Further to the recent announcement regarding a new host and the involvement of record labels for Sanremo 2018, Italian broadcaster RAI has said that there will be some additional changes for the festival next year.
The Sanremo Music Festival
Claudio Baglioni was speaking as new artistic director and host of Sanremo Music Festival on RAI’s news programme TG1. In the interview he said Sanremo will once again be used to select Italy’s entry for Eurovision 2018 in Lisbon. Baglioni also revealed a some new changes for the festival which will run from the 6th to 10th February 2018.
The changes for 2018
The first change is that there will be no eliminations throughout the week, like in previous years. Sanremo 2018 will still have the usual two categories of Campioni (Champions) and Nuove Proposte (Newcomers). The winning artist from the Campioni category will still be able to make a decision as to whether they will go on to represent Italy in Lisbon. The last time we saw this rule implemented was in 2016 when the band, Stadio, won Sanremo but graciously declined to go to the Eurovision Song Contest that year in Stockholm. Instead, it was the festival’s runner up, Francesca Michelin, who represented Italy in 2016.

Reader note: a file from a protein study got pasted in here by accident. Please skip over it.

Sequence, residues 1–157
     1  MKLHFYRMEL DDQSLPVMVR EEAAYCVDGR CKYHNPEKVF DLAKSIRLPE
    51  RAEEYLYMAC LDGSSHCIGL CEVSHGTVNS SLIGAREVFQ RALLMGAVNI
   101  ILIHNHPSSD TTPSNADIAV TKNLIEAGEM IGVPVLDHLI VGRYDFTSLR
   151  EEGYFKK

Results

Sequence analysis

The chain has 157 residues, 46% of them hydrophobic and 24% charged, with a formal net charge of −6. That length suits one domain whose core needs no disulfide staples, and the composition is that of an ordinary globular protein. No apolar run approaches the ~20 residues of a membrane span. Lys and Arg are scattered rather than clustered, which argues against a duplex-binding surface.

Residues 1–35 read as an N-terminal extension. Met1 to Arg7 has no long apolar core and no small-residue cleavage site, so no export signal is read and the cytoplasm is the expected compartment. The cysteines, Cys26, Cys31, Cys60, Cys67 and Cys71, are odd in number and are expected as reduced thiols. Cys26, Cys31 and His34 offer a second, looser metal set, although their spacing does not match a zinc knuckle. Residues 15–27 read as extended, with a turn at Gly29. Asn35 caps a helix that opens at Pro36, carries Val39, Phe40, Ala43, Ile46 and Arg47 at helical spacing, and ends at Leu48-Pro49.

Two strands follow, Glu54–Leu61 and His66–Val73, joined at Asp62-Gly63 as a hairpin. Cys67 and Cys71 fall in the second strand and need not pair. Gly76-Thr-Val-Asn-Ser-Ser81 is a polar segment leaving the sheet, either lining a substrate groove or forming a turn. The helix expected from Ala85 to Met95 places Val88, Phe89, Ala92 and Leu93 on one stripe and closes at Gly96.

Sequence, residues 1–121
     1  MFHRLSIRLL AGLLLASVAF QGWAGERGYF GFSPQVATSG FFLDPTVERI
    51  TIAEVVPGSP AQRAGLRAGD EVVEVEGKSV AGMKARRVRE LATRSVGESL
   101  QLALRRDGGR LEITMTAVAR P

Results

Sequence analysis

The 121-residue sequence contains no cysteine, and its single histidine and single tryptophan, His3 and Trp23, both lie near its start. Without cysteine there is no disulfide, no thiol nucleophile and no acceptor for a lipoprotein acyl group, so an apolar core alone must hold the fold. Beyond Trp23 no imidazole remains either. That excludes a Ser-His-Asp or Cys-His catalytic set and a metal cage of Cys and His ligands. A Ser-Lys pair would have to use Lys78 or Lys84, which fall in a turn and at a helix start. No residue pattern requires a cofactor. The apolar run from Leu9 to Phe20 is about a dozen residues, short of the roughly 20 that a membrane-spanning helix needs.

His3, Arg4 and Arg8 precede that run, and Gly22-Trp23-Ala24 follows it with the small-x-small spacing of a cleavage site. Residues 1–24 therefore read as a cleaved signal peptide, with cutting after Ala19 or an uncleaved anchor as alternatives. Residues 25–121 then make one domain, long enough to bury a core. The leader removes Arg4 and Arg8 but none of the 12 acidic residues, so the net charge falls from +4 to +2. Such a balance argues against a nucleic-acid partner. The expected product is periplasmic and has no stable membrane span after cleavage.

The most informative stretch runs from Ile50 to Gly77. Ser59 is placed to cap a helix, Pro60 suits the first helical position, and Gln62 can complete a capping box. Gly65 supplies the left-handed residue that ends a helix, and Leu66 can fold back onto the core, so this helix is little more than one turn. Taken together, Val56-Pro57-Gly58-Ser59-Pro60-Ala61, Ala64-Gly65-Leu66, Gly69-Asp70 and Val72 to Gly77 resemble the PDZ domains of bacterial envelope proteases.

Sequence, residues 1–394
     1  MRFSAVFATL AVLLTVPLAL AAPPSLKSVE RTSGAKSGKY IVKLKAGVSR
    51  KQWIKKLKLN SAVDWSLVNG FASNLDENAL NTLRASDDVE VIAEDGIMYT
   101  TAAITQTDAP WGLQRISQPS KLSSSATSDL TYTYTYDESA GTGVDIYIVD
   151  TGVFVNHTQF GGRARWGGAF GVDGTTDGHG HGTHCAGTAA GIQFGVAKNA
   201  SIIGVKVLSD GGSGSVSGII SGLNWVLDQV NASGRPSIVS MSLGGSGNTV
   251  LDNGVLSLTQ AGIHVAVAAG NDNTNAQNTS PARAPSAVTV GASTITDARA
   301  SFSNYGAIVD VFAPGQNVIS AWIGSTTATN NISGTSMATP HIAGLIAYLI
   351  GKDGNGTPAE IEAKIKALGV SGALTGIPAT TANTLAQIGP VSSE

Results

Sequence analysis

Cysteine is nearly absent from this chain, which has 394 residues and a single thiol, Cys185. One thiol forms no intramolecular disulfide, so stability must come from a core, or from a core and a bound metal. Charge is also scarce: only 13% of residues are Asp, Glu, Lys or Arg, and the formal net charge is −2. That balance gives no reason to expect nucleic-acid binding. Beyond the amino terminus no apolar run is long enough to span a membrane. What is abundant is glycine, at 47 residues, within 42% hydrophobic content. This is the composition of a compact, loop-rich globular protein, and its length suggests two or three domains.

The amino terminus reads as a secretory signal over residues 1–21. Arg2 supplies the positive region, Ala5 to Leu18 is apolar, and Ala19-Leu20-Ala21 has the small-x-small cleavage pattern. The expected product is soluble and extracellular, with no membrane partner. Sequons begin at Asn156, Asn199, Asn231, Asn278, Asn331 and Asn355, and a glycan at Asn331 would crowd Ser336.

Another change for Sanremo 2018 will be the return of the duets which last featured in 2011. Artists from both categories will perform their songs alongside musical guests. The duets could have a significant effect on the overall placing of each entry, especially in the later stages of the festival.
We can safely assume that arrangements for Sanremo 2018 are already well underway, given the application deadline (6th October 2017) for the Campioni category has now passed. Unlike the Eurovision Song Contest, the rules for Sanremo 2018 state that songs can be up to 4 minutes long. As Francesco Gabbani did in 2017, any winning song over 3 minutes will have to be edited down before the contest in May.
The Campioni Grand Final will be held on Saturday 10th February 2018. We will see the same voting set up for the 68th edition of the festival. Each entry will be ranked based on a 50% public televote, 30% press vote, and a 20% expert jury vote. After this process, the top three will then sing again in a super final. The winner will be announced based on an average of the votes taken from each performance of the song over the course of the week.
Italy at Eurovision
Italy was one of seven countries that participated the in very first Eurovision Song Contest in 1956. Italy has since participated 43 times over the years and won twice – once in 1964 and again in 1990. In 2017 Italy went into the contest as favourites with Francesco Gabbani and “Occidentali’s Karma”. However, the song ended up coming 6th place with 334 points.
What do you think of Italy’s chances for success in 2018? Let us know in the comments section below.